Tag Archives: Prediction Markets

Space Fund

At a space conference this last weekend, I was inspired to ponder the key problem I see regarding space colonization: how to recruit the great passion among so many to support and participate somehow in the topic today, while avoiding the vast waste that most likely results when that passion is directed to greatly premature near term projects.

Someday humans will colonize Antartica, the top of the Himalaya mountains, and the bottom of Earth oceans. But this won’t happen until these colonies are in the ballpark of cost-effective relative to more familiar locations. Quirky preferences or religious devotion can make a modest difference, but can’t overcome huge cost differences.

The same applies to colonization of space, a place much harder to colonize. While extra passion and quirky preferences can make a modest difference, mostly space colonization just can’t happen until near when it would be feasible given more ordinary motives. Efforts spent well before that time are mostly wasted, unless they are especially well targeted toward easing later efforts when such colonization is nearly feasible.

Here’s my decision-market idea for tying current passion to useful future efforts:

  1. Create a space fund that passively reinvests its assets to grow over a long period, a fund to which anyone can donate,
  2. Define an ex-post measure of successful space colonization. For example, LNYD = Log of number N people living in space for at least Y years by date D.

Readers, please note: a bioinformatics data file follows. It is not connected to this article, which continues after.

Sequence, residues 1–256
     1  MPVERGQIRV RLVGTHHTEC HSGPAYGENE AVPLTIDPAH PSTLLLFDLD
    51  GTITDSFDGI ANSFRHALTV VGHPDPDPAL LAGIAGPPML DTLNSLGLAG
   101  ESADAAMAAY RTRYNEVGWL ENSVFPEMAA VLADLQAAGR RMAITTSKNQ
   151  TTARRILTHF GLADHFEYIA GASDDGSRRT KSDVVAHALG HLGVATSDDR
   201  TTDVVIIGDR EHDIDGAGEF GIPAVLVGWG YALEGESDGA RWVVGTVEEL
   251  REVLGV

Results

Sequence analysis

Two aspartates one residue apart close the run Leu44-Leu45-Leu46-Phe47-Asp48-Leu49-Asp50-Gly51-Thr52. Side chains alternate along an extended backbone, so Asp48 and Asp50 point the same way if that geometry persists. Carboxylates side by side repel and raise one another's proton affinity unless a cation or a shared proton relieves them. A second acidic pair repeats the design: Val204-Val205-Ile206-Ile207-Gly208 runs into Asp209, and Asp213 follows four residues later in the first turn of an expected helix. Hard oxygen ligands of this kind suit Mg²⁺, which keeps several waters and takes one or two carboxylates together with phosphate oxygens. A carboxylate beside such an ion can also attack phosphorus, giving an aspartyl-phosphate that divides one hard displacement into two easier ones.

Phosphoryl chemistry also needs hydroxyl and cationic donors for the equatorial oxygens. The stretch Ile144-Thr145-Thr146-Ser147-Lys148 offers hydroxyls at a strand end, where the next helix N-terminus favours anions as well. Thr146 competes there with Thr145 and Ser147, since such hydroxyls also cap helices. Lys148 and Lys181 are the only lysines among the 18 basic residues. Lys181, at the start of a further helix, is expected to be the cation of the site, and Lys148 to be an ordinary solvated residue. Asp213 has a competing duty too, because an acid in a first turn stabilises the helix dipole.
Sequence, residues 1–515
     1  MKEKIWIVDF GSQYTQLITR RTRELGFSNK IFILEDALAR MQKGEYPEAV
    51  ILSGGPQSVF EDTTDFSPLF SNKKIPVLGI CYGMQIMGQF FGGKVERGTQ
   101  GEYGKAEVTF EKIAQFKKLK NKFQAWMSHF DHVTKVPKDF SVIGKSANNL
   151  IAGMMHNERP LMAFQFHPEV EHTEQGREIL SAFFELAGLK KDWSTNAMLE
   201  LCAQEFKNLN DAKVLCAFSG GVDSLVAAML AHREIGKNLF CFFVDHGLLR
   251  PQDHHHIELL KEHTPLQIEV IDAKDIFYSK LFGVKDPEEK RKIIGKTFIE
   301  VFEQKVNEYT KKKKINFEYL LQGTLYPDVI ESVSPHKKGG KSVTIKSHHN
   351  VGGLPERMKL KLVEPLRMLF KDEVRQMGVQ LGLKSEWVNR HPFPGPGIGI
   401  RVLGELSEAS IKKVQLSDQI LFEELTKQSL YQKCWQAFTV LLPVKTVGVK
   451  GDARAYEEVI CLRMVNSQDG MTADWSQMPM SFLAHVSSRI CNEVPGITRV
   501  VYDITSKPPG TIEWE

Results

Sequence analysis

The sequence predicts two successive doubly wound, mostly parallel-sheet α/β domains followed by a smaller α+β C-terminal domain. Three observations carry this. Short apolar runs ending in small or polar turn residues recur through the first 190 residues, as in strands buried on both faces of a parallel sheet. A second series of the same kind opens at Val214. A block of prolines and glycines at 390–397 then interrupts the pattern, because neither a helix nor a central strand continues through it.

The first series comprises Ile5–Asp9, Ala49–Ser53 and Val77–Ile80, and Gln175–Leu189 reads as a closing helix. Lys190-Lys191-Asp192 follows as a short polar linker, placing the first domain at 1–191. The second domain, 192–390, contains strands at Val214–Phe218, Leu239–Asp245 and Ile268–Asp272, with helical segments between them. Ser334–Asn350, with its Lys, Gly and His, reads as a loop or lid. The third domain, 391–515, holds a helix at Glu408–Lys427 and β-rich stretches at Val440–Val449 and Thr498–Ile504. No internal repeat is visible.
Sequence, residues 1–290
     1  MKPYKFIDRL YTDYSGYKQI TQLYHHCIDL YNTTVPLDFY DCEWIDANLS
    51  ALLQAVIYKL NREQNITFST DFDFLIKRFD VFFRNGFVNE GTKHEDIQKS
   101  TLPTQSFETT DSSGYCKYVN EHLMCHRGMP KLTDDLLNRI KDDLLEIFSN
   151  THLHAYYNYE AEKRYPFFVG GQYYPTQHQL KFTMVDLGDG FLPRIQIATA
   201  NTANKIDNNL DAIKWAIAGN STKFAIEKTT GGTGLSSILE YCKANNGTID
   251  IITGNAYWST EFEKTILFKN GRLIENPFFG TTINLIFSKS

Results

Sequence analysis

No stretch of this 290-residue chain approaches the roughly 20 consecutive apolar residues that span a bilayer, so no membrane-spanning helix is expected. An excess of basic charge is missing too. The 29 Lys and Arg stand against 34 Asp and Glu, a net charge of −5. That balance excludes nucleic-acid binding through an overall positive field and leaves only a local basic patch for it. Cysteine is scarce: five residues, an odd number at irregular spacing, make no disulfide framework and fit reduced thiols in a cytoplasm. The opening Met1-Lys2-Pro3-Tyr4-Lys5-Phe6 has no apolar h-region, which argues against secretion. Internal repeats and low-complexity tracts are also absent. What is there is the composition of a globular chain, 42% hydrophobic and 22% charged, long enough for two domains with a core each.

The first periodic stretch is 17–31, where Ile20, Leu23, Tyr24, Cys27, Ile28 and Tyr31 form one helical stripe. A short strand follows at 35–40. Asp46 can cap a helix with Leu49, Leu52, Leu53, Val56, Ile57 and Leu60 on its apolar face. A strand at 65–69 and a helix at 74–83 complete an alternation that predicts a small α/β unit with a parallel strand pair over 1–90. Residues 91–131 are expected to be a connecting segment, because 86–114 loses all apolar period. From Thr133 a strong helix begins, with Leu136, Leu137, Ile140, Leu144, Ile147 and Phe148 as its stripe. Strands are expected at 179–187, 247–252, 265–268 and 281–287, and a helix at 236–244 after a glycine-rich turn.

3. For a modest fee, let anyone at anytime submit a proposal for how to spend the entire space fund. Any proposal is fair game, including transferring all of this fund to a new fund managed a new way.
  4. Create financial assets $LNYD that pay in proportional to this measure LNYD. (This may require setting a min & max value for the measure.) Let people trade these assets for cash, creating a LNYD market price.
  5. Each proposal submission is evaluated via a LNYD-based decision market. That is, for each proposal, on a particular unique pre-announced date, market speculators may trade LNYD assets for cash, in trades that are called off if (or if not) this proposal is approved. If the LNYD price difference between approval and non-approval is clearly positive, the proposal is approved. (The price difference threshold used here should reflect the fact that this system should reject a great many proposals, and approve only one.)

Under this system, people today who want to feel involved with space colonization can do so in three ways: 1) donate to the space fund, 2) develop and submit proposals for approval, or 3) trade in the markets that decide if to approve proposals. Later, when space colonization is nearly feasible, so that money spent can actually make a difference, these decision markets should make good choices about when and how to spend this fund to best create maximal colonization, according to the initially- chosen measure.